TV cameras captured the warm embrace between hitting coach Frank Menechino and Jose Abreu after the White Sox’ reigning MVP homered Tuesday against the Twins.
If a dugout camera shot paints a thousand words, that one wrote how Abreu is finally, six weeks into the season, finding a groove. And how Menechino has a softer side to go with the one that pushes Abreu hard.
“He wears his emotions on his sleeve,” Menechino said.
“Sometimes he puts me in a bear hug, sometimes he punches me in the back, so I have to hide from him sometimes.”
Abreu, who leads the Sox with seven homers and 31 RBI, tripled in a run for his 700th career RBI and singled home two more in the Sox’ 13-8 victory over the Twins on Wednesday at Guaranteed Rate Field. The Sox, who scored nine runs in each of their three previous games before hitting double digits, were averaging more than five a game but were waiting for Abreu to get hot.
“He’s been working hard, and I’ve been on him hard,” Menechino said. “I’ve been challenging him and getting on him a lot, [saying], ‘Let’s start getting out of this.’ ’’
It looks like Abreu, who is 10-for-27 with two homers, a triple, three doubles and 12 RBI in his last seven games, is out of it. The Sox improved to 11-1 when Abreu drives in a run.
“As much as we butt heads and as much as I get on him and stuff, he appreciates me being in his corner,” Menechino said.
Abreu also appreciates being noticed for his defense, and it was impossible not to in what was perhaps the best glove game of his career. He made a diving stop to his right on a ground ball and a sliding over-the-shoulder catch on a fly ball dropping in short right field and converted a crisp double play in the seventh inning, tagging first and throwing out Mitch Garver at second a moment before Josh Donaldson crossed home to save a run.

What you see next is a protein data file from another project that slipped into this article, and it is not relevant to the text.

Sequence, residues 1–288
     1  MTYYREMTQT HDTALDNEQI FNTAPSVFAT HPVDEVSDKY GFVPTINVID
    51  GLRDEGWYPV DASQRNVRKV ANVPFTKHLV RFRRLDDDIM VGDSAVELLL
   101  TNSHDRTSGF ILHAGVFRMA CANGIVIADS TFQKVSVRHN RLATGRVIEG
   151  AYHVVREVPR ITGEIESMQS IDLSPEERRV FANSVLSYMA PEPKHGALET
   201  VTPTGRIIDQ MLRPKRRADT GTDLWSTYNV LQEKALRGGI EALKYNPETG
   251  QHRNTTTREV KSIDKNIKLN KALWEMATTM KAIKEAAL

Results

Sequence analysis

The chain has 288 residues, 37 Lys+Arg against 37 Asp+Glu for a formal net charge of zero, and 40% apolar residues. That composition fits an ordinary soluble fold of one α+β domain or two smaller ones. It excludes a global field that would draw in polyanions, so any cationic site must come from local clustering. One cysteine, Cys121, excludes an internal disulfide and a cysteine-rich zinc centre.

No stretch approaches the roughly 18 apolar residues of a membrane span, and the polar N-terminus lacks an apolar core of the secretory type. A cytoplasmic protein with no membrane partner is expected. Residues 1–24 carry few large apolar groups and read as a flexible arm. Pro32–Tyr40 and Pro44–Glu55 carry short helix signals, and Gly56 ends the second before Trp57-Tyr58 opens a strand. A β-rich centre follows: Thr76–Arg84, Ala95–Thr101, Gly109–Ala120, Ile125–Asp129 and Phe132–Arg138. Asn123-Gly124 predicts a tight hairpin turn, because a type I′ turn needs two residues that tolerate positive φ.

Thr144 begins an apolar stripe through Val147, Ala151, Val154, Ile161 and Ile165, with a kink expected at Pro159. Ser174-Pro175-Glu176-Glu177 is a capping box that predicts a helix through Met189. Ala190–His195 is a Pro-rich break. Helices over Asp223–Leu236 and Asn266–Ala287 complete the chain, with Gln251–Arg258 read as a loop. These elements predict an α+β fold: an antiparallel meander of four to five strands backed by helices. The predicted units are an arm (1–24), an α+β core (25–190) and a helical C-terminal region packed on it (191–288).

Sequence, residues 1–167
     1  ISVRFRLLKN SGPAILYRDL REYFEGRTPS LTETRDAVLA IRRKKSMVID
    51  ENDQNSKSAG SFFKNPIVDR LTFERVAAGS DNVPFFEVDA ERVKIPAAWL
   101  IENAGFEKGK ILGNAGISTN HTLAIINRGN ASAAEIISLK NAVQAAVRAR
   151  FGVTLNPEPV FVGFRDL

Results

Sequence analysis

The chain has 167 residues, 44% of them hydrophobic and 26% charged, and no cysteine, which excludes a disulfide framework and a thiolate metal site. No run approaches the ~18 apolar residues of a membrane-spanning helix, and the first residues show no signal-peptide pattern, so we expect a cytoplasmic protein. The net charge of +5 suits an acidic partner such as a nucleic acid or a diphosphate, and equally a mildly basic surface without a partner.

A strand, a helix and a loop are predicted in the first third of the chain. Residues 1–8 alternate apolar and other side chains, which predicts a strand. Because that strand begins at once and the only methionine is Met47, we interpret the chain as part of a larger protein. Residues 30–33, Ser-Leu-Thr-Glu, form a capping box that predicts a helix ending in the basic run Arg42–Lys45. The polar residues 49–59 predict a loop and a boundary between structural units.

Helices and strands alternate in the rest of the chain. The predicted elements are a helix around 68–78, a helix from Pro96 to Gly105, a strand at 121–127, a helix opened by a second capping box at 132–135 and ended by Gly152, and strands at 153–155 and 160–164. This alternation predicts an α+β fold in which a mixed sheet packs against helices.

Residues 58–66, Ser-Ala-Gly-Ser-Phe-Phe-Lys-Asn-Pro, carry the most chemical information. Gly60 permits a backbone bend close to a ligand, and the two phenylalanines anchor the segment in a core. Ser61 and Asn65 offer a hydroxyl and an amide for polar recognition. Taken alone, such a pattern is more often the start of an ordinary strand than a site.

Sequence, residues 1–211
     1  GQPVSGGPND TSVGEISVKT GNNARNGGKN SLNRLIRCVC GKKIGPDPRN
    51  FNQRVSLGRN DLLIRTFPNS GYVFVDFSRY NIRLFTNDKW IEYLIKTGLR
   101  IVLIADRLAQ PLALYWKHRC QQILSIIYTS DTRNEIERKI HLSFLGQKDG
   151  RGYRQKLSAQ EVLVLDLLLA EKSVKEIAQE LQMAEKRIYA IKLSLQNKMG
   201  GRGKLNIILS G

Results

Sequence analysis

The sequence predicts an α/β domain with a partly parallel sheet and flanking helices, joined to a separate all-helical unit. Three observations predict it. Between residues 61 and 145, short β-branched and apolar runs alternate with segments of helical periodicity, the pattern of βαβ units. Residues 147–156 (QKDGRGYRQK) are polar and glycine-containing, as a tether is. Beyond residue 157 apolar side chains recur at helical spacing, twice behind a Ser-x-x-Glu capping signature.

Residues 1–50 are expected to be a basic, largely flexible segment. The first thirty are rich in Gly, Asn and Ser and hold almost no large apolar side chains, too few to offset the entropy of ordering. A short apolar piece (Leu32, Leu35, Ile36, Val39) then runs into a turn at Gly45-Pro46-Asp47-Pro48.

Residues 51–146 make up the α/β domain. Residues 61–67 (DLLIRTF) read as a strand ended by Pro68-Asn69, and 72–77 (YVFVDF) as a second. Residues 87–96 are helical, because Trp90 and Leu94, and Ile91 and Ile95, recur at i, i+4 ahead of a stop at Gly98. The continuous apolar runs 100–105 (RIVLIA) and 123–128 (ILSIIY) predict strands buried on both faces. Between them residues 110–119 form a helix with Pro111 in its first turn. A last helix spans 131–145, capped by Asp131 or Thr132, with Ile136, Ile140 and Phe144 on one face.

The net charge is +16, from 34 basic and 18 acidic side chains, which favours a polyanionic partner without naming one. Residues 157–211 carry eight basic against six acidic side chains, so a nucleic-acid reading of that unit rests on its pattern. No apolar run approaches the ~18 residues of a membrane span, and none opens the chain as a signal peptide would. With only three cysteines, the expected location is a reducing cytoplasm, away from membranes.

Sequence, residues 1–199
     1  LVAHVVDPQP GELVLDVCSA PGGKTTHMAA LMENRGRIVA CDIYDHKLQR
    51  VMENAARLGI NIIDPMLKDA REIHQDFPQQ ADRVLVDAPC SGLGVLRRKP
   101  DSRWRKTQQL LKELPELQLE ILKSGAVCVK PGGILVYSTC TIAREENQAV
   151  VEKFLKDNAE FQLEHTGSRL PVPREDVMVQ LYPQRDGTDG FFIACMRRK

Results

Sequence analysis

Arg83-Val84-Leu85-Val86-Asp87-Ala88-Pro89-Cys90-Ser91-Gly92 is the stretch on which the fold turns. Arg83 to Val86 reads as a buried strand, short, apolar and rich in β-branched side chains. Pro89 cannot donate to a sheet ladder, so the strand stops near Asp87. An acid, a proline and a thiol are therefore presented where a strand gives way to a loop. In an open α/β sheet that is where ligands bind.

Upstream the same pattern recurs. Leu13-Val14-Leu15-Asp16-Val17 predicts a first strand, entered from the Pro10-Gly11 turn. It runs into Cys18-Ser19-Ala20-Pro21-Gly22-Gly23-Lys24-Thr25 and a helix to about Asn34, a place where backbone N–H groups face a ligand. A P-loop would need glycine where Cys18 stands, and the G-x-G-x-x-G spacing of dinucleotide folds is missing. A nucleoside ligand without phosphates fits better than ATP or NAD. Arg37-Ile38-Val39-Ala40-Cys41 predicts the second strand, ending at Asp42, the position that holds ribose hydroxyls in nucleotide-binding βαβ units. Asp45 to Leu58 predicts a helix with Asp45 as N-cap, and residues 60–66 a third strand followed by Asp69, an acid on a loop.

Menechino said Abreu is always working, trying to figure out what is amiss when things aren’t clicking offensively. But they seem to have uncovered a mechanical glitch, “some stuff going on with his bat path that he wasn’t feeling,” Menechino said.
“He could see it, but he wasn’t feeling it,” Menechino said. “And now he’s starting to really pay attention to staying on the fastball and reacting to off-speed stuff. He’s starting to relax, and by getting on that fastball, he’s starting to get his mechanics back and timing back.
‘‘It was a big timing issue with him; he was just going back and forth. But he’s starting to relax, and he’s starting to get into the groove.”
Rookie left fielder Andrew Vaughn hit his first home run, reached base his first three times up and scored each time, and catcher Yasmani Grandal homered for the second straight night. Even light-hitting center fielder Billy Hamilton, without a hit since April 6, had a big offensive night with a triple, double and two singles his first four times to the plate, scoring three runs as a result.
Sox left-hander Dallas Keuchel exited with two outs in the sixth and a 12-4 lead, but Evan Marshall walked two and gave up a two-run single to Luis Arraez, trimming the Sox’ lead to 12-7.
The Sox improved their American League-best record to 21-13 with their fifth win in a row and 13th in 17 games.
They are 8-1 against left-handed starting pitchers this season and 22-1 since the start of 2020 and go for a series sweep against the defending AL Central champions Thursday afternoon.